The Inter-American Development Bank (IDB) has regretted that a survey it administered to children in Barbados’ secondary school system offended many citizens.
Barbadian media reports that “dozens of parents have demanded that the ‘illegal’ scripts completed by their children be returned to them. The test asked 11-year-old students about topics related to gender and sexuality and also collected information about the student’s parents.
In a brief statement, the IDB said it “sincerely apologizes, but emphasizes that no breach was intentional.
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“The central issues, which the Ministry of Education had objected to prior to the administration of the survey, and which were inadvertently left in the document, have been removed,” the IDB said, adding that it recognized its position as a development partner with the Government of Barbados “with a long and mutually respectful relationship”.
He said he wanted to assure “Barbadians that he would not deliberately engage in any practice that would harm this relationship”.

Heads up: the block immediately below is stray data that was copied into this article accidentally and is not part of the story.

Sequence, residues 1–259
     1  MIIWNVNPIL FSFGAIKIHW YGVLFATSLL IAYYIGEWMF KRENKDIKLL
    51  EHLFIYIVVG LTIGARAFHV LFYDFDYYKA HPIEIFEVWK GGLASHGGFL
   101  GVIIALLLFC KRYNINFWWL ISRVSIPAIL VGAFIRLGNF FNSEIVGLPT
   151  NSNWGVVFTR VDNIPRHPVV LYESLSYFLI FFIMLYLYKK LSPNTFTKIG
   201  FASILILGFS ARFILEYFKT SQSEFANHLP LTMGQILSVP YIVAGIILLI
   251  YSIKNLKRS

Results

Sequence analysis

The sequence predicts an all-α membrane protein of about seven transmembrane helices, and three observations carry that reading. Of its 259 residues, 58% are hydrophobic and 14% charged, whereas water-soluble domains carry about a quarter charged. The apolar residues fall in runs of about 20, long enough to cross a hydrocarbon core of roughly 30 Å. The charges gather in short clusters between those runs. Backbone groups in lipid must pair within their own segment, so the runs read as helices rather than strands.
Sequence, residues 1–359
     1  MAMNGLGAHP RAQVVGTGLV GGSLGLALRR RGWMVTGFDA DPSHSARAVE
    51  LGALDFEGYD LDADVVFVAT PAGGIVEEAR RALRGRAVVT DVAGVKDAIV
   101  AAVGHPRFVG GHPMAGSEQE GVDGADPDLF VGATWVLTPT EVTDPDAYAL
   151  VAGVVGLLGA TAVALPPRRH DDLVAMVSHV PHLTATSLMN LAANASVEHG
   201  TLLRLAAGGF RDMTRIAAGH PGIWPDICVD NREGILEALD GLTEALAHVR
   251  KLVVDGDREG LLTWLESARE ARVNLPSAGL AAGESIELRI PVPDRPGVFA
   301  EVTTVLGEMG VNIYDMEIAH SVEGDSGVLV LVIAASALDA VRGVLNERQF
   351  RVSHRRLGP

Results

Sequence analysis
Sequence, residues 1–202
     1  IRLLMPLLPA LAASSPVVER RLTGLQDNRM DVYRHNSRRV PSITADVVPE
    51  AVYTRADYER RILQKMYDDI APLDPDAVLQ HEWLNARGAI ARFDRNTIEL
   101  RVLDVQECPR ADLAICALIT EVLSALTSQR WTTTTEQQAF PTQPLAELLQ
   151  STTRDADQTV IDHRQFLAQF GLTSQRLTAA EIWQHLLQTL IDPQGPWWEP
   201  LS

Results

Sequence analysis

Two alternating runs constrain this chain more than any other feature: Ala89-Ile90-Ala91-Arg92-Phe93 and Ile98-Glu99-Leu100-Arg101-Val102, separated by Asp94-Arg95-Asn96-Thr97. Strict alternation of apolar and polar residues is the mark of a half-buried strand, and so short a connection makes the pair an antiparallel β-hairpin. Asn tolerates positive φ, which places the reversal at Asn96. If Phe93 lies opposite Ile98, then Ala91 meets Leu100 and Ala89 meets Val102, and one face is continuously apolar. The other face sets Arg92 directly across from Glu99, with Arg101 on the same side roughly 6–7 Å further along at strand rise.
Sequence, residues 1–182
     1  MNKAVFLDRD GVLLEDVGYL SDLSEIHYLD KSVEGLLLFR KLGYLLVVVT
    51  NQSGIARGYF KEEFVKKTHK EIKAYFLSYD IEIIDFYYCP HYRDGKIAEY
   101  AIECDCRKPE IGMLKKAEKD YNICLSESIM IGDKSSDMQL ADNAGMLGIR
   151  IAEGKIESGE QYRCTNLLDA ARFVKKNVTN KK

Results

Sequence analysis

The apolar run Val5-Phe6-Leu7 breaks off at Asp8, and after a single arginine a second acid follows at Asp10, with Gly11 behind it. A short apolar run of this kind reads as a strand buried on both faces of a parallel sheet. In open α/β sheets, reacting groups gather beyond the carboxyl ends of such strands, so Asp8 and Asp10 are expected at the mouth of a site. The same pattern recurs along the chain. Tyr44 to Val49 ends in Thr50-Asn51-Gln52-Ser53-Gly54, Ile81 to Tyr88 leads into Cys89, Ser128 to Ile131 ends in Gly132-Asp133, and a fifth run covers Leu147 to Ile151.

The Ministry of Education, Technology and Vocational Training has also issued an apology for its role in administering the controversial computer science test.
Chief education officer Dr Ramona Archer-Bradshaw said the department had accepted responsibility for ensuring the test reached first graders in five secondary schools on the island.
“Notwithstanding that the Inter-American Development Bank which administered the survey has already apologized for failing to honor a prior commitment by the department to remove the offending questions before asking the children, the department now offers its own apology. . Dr. Archer-Bradshaw said in a statement.
“Obviously, what happened left us in no doubt that we took too many things for granted by not verifying the final investigation. The Ministry now assures all stakeholders that the offensive scripts will henceforth be destroyed and that there will be no further use of the survey without our explicit and complete review.
“Most importantly, the department already has the process of reforming its own policy on data collection in our schools to ensure incidents like this never happen again,” Archer-Bradshaw said.
The online publication, Barbados TODAY, said it was reliably informed that the “frustrated and disappointed parents” demanded the return of the papers during an online Zoom meeting Thursday evening convened with senior officials from the ministry and the IDB.
The publication said it was reliably informed that several of the parents accepted the director of education’s apology, presented on behalf of the ministry, but argued that they did not allow their children to be asked about information. also sensitive.
“Sources reported that the parents insisted that the Ministry of Education make the scripts available to them.